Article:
Yesterday’s Giants – part 2


J. N. Darby is not as well known today as he should be. He was a movement leader, a missionary, a scholar, Bible translator, apologist, and, unofficially, “the father of Dispensationalism.” The respected preacher D. Martyn Lloyd-Jones once publicly referred to him as “the great Darby.” He was born in London on the cusp of the 19th Century, a time of spiritual decline in England after the revivals of the previous half- century. Educated at the private Westminster School and then Trinity College, Dublin, where he was the recipient of the gold medal in classics, he spent the next few years practicing law. Around 1824 he abandoned that career and went into the Church of England, spending two years doing pioneer work in southern Ireland.

Increasingly, Darby began to find himself disagreeing with the Anglican Church and became convinced that Christianity had bedecked itself with unbiblical customs. Together with other likeminded individuals he started “breaking bread” and Bible study, first in Dublin, and then in Plymouth in southwest England. From these “assemblies” came a movement known as the Plymouth Brethren. With a simplified view of the Church and emphasis upon the imminent appearing of Christ for the saints at the pretribulational rapture, the movement spread rapidly, owing in no small way to the missionary endeavors of Darby, especially in Switzerland, France and Germany.

Darby was no “sheep-stealer,” but was very effective as an evangelist and discipler. He also made successful trips to New Zealand, Canada, and the United States.  As “the father of Dispensationalism,” as he is sometimes called, he gave definite form to the teaching (which predated him) that God had dealt differently with man in biblical history (e.g. giving the Law to Israel, the Gospel of Jesus Christ to the Church – Jn. 1:14), teachings which relied upon a plain sense, literal (though not literalistic) interpretation of Bible prophecy. Perhaps his best known work is his five volume Synopsis of the Books of the Bible, though his Collected Works, totaling thirty-four volumes, should not be overlooked. He also produced accurate translations of the Bible in English, French, and German.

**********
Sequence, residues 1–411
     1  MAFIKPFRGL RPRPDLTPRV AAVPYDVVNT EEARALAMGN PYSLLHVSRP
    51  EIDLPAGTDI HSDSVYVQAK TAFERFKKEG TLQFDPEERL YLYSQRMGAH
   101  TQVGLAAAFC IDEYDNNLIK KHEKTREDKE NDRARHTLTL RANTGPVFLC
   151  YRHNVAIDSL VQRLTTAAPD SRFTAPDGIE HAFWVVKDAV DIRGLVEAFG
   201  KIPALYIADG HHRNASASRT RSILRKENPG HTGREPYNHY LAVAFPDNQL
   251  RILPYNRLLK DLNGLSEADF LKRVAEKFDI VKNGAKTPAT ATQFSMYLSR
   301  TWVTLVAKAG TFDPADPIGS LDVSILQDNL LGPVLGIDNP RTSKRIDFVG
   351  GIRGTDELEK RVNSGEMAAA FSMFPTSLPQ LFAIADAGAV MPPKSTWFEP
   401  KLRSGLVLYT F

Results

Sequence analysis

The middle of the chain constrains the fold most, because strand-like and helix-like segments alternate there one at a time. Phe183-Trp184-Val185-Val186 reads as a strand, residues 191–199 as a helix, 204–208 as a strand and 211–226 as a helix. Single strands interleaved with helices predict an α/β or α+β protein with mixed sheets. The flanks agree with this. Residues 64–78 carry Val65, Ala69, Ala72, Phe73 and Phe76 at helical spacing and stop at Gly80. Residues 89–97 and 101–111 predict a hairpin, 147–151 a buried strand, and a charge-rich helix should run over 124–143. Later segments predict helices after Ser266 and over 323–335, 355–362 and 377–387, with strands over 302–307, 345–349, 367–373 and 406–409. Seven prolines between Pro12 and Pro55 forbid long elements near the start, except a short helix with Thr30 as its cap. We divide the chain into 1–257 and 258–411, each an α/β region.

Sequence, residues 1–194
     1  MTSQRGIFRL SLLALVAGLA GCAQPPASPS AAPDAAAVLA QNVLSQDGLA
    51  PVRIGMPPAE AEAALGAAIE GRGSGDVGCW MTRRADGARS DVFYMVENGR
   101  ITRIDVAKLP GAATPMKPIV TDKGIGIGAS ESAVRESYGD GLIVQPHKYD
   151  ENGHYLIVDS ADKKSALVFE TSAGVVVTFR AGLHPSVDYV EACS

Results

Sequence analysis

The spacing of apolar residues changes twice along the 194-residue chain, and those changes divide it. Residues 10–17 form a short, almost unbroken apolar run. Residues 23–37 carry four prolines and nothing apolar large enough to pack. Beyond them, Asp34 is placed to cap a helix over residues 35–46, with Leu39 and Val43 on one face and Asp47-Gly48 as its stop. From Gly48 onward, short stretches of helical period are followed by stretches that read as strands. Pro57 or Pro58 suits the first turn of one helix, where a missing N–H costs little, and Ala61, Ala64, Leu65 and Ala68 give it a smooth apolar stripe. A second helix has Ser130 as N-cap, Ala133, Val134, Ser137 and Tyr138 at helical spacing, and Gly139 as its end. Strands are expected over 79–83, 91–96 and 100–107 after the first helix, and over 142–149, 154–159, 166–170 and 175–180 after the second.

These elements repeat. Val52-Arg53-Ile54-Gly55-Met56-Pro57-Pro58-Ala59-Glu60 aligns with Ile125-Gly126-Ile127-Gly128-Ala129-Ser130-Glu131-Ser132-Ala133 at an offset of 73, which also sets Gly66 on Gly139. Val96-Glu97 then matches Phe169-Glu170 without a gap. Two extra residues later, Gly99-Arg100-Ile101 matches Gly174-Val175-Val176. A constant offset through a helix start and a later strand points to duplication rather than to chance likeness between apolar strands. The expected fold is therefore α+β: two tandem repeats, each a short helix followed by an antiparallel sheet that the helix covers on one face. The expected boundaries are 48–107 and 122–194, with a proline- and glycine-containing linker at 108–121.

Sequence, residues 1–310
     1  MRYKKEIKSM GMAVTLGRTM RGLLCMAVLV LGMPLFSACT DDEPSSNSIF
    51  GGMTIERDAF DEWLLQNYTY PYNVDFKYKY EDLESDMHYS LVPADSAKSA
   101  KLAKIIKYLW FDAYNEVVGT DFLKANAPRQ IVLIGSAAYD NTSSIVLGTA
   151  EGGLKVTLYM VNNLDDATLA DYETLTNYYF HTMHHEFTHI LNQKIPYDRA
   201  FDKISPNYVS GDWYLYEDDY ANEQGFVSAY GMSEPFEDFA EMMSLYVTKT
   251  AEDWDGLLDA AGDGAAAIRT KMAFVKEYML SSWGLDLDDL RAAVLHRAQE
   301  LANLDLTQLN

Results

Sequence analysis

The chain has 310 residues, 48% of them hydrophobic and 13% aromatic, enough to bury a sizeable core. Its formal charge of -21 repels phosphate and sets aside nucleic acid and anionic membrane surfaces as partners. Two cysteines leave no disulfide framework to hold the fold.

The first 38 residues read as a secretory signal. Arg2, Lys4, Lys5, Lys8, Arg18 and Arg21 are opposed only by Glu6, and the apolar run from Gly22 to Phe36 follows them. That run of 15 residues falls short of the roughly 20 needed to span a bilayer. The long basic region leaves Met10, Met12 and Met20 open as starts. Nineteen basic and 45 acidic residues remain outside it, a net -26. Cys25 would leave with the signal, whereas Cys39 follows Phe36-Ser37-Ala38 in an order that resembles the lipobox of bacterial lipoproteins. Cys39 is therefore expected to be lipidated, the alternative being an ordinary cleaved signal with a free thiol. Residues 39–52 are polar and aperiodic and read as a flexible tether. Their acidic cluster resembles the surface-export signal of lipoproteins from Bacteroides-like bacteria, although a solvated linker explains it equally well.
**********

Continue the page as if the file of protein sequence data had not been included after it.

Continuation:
It is a shame that Darby is not more highly thought of in evangelical circles, even though few would rubber stamp all his views.  One reason for this is his association with the Brethren, who have always tended to keep themselves to themselves.  Another reason is the present state of evangelicalism; wrapped up as it is in new fangled interpretations of the biblical motifs and typology.

9 thoughts on “Yesterday’s Giants – part 2”

  1. Dear Brother Paul,